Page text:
One last minor change is to make each round after the Wild Card a best-of-seven series. Both the NHL and NBA follow this format in their playoff format, yet MLB has made the Division Series a best-of-five series. Not only would an adjustment to this structure help keep a relatively same amount of games for MLB to make money, but it will level out the field in a game. It adds to the drama and excitement of having to win 12 games in total for most teams, leaving some room for error in that first round, especially if you maintain the current format with the wait time. A four-game sweep can be difficult to achieve and when it does happen, it’s notable and says a lot about a team.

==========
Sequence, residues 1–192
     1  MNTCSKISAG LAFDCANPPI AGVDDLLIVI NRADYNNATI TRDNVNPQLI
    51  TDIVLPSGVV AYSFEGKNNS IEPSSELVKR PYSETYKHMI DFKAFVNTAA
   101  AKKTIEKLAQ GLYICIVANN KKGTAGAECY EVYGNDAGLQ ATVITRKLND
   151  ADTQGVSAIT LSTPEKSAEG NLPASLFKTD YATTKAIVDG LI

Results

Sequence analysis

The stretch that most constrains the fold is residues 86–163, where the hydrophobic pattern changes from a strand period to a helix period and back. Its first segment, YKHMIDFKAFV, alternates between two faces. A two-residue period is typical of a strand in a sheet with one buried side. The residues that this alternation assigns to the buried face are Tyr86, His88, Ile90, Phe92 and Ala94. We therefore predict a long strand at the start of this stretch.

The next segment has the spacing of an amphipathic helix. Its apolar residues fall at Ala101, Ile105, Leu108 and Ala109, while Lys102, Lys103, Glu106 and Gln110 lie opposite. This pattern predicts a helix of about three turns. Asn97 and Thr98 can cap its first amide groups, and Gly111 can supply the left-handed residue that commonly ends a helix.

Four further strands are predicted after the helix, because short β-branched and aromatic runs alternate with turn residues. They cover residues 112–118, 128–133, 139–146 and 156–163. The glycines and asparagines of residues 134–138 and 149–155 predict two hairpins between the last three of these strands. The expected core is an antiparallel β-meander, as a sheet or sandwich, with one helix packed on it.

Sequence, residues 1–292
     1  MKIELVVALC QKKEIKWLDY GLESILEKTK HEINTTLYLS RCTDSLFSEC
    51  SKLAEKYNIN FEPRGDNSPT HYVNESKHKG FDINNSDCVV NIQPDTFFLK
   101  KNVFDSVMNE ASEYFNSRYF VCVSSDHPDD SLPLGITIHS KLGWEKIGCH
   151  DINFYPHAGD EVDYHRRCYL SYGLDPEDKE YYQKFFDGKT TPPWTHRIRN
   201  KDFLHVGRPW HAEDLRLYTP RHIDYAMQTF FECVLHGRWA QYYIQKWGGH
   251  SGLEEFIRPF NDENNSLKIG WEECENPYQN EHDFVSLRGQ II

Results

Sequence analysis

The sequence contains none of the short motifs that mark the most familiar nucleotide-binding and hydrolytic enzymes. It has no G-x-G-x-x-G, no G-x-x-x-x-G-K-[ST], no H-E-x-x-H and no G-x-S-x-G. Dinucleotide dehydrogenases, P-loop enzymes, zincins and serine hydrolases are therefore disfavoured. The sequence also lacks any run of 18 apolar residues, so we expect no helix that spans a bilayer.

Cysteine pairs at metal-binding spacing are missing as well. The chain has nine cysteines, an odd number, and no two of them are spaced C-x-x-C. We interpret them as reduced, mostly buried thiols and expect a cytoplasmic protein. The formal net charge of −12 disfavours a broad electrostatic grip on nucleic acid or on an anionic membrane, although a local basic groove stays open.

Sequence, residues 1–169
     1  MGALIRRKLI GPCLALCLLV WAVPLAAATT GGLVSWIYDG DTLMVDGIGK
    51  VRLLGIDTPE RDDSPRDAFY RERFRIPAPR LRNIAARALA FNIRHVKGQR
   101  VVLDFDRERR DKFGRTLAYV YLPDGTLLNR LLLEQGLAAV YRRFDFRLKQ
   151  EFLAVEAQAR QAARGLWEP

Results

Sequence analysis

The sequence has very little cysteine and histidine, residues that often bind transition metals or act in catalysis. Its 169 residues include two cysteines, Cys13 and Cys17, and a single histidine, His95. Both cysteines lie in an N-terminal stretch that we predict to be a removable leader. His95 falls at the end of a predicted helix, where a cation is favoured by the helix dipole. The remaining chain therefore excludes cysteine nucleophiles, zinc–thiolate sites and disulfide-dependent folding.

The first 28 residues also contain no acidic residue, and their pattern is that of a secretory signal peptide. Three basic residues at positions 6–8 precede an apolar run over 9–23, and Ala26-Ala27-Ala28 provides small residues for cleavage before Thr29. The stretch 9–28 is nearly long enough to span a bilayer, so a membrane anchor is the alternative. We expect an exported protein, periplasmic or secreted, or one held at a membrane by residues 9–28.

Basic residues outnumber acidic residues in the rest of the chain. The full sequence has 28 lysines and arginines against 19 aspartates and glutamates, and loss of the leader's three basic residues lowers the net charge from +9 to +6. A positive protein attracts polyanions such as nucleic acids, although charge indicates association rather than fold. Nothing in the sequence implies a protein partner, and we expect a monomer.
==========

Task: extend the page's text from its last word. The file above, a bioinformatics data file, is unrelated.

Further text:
I agree with the sentiment that the MLB playoffs do cater towards Wild Card teams in a way. It’s nice that all teams have a better chance at making the playoffs, but it unintentionally does work against the better teams with better records. I love that the “best teams” were upset by the “worst teams” because that is the magic of the postseason. However, adjustments can be made to not only limit the excuses of those better teams that do fail to deliver but also better replicate the results of the regular season. The MLB playoffs are some of the best in sports, but they aren’t perfect and discussions should constantly be had between the league and the players to make sure it is not only fair but competitive and enjoyable for all involved.